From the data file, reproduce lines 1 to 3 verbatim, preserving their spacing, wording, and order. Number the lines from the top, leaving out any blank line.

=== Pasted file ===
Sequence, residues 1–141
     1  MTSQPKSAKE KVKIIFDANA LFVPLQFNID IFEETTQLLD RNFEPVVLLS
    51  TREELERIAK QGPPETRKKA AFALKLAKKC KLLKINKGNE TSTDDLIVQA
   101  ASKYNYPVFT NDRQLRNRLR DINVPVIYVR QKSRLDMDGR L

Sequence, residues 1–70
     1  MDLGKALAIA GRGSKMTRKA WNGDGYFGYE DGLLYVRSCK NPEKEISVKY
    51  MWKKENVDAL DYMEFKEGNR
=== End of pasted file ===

Sequence, residues 1–141
     1  MTSQPKSAKE KVKIIFDANA LFVPLQFNID IFEETTQLLD RNFEPVVLLS
    51  TREELERIAK QGPPETRKKA AFALKLAKKC KLLKINKGNE TSTDDLIVQA